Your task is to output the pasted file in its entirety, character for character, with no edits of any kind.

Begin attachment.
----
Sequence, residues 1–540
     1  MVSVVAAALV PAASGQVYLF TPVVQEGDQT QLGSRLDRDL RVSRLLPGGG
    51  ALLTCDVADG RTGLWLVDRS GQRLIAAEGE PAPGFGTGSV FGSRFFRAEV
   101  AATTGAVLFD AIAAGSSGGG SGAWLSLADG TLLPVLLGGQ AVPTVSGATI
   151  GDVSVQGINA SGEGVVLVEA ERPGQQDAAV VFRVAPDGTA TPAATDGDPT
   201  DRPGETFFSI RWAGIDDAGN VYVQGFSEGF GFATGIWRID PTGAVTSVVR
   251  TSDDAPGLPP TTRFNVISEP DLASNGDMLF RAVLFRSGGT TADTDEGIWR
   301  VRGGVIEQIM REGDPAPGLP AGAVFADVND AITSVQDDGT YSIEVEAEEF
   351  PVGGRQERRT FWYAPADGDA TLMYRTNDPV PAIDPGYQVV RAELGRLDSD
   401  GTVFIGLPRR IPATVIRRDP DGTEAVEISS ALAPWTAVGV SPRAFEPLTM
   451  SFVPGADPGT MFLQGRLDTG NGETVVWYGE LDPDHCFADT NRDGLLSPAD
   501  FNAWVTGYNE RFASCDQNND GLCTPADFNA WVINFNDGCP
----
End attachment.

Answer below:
Sequence, residues 1–540
     1  MVSVVAAALV PAASGQVYLF TPVVQEGDQT QLGSRLDRDL RVSRLLPGGG
    51  ALLTCDVADG RTGLWLVDRS GQRLIAAEGE PAPGFGTGSV FGSRFFRAEV
   101  AATTGAVLFD AIAAGSSGGG SGAWLSLADG TLLPVLLGGQ AVPTVSGATI
   151  GDVSVQGINA SGEGVVLVEA ERPGQQDAAV VFRVAPDGTA TPAATDGDPT
   201  DRPGETFFSI RWAGIDDAGN VYVQGFSEGF GFATGIWRID PTGAVTSVVR
   251  TSDDAPGLPP TTRFNVISEP DLASNGDMLF RAVLFRSGGT TADTDEGIWR
   301  VRGGVIEQIM REGDPAPGLP AGAVFADVND AITSVQDDGT YSIEVEAEEF
   351  PVGGRQERRT FWYAPADGDA TLMYRTNDPV PAIDPGYQVV RAELGRLDSD
   401  GTVFIGLPRR IPATVIRRDP DGTEAVEISS ALAPWTAVGV SPRAFEPLTM
   451  SFVPGADPGT MFLQGRLDTG NGETVVWYGE LDPDHCFADT NRDGLLSPAD
   501  FNAWVTGYNE RFASCDQNND GLCTPADFNA WVINFNDGCP